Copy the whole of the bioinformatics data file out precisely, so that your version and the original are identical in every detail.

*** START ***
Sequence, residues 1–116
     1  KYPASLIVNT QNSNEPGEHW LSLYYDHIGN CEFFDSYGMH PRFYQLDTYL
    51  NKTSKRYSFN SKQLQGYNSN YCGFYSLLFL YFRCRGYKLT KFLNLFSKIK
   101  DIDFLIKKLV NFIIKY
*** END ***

Sequence, residues 1–116
     1  KYPASLIVNT QNSNEPGEHW LSLYYDHIGN CEFFDSYGMH PRFYQLDTYL
    51  NKTSKRYSFN SKQLQGYNSN YCGFYSLLFL YFRCRGYKLT KFLNLFSKIK
   101  DIDFLIKKLV NFIIKY